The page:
I really enjoy how the protagonists of this trilogy are distinctly different to Nevada and Rogan. It may be blasphemous but I still like Alessandro better.
One of the things which was a bit vague in Sapphire Flames was exactly how and why Nevada left House Baylor and officially joined House Rogan, a move which elevated Catalina to Head of the House. The mystery is resolved in this book. I was glad to understand that context but I can’t say that I loved reading about it. This is where the references to sexual violence and human trafficking come into play. You do not normally go there. I can’t recall anything like it in the Kate Daniels series or the Edge books or the earlier Hidden Legacy books. It felt all the more shocking because of that. I understood the purpose it served in the story but it made me uncomfortable nonetheless and I did find it somewhat jarring.
Emerald Blaze has lots of scary and truly creepy plant/metal/human hybrid monsters and an unfortunate number of spider-like creatures (I can always do without them), plenty of action, tension and drama. The wider Baylor family have small but critical roles to play, as do favourites like Bug, Cornelius and Runa. Most of the focus is squarely on Catalina and Alessandro. I thought the method of keeping Nevada and Rogan out of the action was perfect.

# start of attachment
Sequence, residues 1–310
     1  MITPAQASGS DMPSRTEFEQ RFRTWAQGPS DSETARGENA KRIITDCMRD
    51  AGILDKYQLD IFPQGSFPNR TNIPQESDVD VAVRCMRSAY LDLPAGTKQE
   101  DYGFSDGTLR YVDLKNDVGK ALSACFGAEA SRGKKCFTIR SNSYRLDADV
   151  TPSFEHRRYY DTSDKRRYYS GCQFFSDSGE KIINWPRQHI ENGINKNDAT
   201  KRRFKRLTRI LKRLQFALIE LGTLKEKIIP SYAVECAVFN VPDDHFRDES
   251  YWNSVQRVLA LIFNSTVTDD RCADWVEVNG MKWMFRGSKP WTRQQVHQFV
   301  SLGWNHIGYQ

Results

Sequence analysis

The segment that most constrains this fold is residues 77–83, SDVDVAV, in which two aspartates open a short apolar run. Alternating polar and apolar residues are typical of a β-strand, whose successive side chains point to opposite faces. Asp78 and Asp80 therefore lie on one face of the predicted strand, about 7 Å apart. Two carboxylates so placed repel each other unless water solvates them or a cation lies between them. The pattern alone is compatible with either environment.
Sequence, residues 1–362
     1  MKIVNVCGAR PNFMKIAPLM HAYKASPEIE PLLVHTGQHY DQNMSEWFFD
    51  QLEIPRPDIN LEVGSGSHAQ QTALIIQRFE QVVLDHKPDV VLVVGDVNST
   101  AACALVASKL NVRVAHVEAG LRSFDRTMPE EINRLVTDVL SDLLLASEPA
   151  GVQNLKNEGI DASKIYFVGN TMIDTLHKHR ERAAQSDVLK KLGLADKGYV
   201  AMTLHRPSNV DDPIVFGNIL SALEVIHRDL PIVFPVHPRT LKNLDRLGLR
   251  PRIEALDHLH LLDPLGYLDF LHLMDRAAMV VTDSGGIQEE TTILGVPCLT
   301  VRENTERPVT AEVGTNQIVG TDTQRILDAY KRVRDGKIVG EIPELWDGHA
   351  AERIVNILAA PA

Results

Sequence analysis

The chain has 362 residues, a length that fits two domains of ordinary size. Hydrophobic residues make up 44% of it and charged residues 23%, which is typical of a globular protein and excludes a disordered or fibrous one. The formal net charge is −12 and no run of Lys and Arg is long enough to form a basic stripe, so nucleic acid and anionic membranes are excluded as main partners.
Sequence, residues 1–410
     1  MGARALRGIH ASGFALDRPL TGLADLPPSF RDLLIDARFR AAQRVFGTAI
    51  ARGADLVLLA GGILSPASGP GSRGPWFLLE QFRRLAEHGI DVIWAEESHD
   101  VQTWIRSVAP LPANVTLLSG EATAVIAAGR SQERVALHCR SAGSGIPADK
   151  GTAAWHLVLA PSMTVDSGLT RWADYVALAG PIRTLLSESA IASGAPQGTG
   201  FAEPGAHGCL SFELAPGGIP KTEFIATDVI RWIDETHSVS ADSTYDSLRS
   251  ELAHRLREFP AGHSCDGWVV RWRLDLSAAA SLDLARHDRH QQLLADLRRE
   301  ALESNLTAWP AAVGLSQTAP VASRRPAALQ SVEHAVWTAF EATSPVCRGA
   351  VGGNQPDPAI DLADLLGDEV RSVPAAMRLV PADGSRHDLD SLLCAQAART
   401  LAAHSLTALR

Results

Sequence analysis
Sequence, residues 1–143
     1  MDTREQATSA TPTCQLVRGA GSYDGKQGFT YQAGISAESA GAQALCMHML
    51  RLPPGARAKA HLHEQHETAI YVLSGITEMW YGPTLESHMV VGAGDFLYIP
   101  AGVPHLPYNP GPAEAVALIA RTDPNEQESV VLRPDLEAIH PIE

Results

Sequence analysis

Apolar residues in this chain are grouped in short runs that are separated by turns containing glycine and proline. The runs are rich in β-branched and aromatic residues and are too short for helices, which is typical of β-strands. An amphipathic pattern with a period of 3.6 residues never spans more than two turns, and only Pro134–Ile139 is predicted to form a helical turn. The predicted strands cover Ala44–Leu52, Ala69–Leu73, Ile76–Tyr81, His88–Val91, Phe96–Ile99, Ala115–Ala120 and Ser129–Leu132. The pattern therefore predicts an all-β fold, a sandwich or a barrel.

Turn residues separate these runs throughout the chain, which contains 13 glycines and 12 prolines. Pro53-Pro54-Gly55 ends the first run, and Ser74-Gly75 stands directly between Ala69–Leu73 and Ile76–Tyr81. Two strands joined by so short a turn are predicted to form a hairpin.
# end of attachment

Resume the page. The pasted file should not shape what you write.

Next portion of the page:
I am very curious about one character who was introduced in this book. I am having a debate with a friend about whether he might be a love interest for Arabella but she is convinced it’s not him but someone else with neck tattoos. But I do like a man who can walk on water. We’ll see in due course I guess.
Like the first trilogy, book one does not end happily from a romance perspective but book two does. No doubt book three (I’m betting a ruby for the title) will continue the same style (I hope it does anyway) – the romance will not be threatened but the pair will have to face a major conflict together. I am so here for it. But next time, I’m going to do a series re-read before I start, to make sure I don’t miss a thing.